Ms. Nguyen Huong Quynh, Executive Director, Retail Measurement Services, at Nielsen Vietnam, suggests how manufacturers of fast-moving consumer goods (FMCGs) can reach more retailers and customers.
What strategies should manufactures in FMCGs do to become a favorite brand among retailers and consumers?
According to the Nielsen report on Vietnam’s retailers in the first quarter of this year, despite the development of Modern Trade, Traditional Trade is still a key channel.
It’s still quite challenging to obtain retailers’ support, however, because only 70 per cent of traditional retail stores comply with manufacturers’ requests to stock their products.
To enhance in-store sales effectiveness and win retailers’ loyalty, Nielsen suggests that manufacturers focus on the right “what” and “where”.
Firstly, with such a complex retail market, it is essential for manufacturers to identify the right stores to target their priority investment. Only when this stage is completed can manufacturers focus on launching a logical plan of attack for route to market, sales force deployment, direct vs. in-direct store strategy, and stock availability.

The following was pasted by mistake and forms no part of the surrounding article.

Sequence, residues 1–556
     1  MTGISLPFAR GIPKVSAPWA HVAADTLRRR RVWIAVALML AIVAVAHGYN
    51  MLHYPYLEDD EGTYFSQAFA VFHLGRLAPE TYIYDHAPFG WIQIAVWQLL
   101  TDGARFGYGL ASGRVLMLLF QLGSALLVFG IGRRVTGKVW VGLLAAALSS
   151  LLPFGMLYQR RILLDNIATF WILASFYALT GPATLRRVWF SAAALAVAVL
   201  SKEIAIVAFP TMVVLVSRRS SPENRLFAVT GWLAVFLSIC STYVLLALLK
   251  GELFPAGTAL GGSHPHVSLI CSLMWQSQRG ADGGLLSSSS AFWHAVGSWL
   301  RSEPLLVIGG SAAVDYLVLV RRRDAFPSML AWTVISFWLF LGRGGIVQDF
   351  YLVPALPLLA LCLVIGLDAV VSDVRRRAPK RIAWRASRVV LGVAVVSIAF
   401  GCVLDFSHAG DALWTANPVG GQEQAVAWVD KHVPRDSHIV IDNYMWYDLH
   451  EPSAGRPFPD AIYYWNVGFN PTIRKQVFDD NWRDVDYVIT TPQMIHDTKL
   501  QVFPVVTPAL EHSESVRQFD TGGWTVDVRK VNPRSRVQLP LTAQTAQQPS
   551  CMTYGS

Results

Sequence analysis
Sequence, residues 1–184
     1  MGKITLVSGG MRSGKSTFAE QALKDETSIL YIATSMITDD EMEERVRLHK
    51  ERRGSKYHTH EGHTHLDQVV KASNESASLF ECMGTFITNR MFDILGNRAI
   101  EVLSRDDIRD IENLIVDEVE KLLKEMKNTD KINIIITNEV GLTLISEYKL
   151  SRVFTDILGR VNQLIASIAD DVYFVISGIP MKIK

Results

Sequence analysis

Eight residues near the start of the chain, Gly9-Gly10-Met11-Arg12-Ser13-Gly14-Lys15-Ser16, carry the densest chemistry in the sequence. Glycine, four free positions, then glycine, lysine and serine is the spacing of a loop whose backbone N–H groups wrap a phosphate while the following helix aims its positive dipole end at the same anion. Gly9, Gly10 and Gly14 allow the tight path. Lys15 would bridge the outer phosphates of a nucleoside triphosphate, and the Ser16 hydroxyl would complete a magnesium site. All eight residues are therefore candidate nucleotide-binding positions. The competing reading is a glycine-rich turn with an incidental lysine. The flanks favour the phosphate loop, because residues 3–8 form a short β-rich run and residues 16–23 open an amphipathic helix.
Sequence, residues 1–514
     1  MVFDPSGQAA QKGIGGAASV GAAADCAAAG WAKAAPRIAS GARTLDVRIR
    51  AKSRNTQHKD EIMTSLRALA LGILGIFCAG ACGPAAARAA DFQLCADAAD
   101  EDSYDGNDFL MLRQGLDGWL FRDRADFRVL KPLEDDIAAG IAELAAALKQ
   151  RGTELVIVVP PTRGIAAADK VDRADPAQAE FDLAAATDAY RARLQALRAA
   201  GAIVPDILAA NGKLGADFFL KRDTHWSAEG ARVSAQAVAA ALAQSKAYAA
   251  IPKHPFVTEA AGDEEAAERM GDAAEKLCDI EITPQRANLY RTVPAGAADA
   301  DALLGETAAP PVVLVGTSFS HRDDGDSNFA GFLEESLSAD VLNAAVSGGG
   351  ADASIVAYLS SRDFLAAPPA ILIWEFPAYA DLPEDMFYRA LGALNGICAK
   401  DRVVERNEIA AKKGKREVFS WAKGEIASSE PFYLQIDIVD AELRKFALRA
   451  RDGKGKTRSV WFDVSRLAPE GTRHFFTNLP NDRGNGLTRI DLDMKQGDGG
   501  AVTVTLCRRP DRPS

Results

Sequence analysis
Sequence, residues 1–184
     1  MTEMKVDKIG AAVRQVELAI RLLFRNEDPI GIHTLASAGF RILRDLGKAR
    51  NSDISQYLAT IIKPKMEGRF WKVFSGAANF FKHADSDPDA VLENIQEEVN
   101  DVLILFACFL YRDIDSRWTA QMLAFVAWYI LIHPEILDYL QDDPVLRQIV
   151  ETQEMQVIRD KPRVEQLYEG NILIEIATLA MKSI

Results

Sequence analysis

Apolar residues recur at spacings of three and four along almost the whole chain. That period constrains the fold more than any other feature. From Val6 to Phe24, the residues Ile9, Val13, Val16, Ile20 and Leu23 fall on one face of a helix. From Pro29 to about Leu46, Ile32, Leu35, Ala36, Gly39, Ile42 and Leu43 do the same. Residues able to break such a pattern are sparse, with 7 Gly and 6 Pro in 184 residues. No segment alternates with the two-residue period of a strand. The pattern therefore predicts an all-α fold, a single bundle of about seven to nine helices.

Secondly, a picture of success is normally comprised of a combination of the following: pricing, assortment, trade activity, and in-store communication. However, ensuring that these component parts are executed in store and complied with after agreement from retailers remains a major challenge for manufacturers.
Is there any difference in business strategies that FMCG manufactures implement in urban and rural areas?
Nielsen Vietnam has not found any detailed information on the current strategies of manufacturers.
According to the Nielsen ASEAN cities report, however, secondary cities and rural areas are a large piece of the Vietnam pie and cannot be ignored. Consumers in these areas are changing and changing fast. They are increasingly well educated, have higher levels of disposable income, and are more aware of trends in the market than ever before.
However, there are a lot of differences between rural and urban consumers. Therefore, Nielsen has suggested some elements manufacturers should focus on when expanding their scope to secondary markets.
Firstly, for companies looking to enter these markets for the first time, develop a strategy to identify and enter smaller secondary cities and rural areas within an appropriate timeframe. Identifying regional capitals as an entry point can provide an “early mover” advantage.
Secondly, develop innovation that is driven by the unique needs, challenges and lifestyles of rural and small city consumers rather than adjusting offerings generated primarily for big city consumers
Thirdly, generate differentiated innovation, marketing, sales and distribution strategies given that traditional trade is the key channel in rural markets.